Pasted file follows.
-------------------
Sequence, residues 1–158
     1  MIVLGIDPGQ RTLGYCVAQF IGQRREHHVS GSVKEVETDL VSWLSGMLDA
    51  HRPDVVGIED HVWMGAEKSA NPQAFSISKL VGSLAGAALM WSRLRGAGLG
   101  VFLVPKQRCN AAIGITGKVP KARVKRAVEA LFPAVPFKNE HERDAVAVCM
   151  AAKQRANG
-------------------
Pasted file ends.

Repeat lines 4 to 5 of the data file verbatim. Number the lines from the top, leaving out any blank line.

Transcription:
   101  VFLVPKQRCN AAIGITGKVP KARVKRAVEA LFPAVPFKNE HERDAVAVCM
   151  AAKQRANG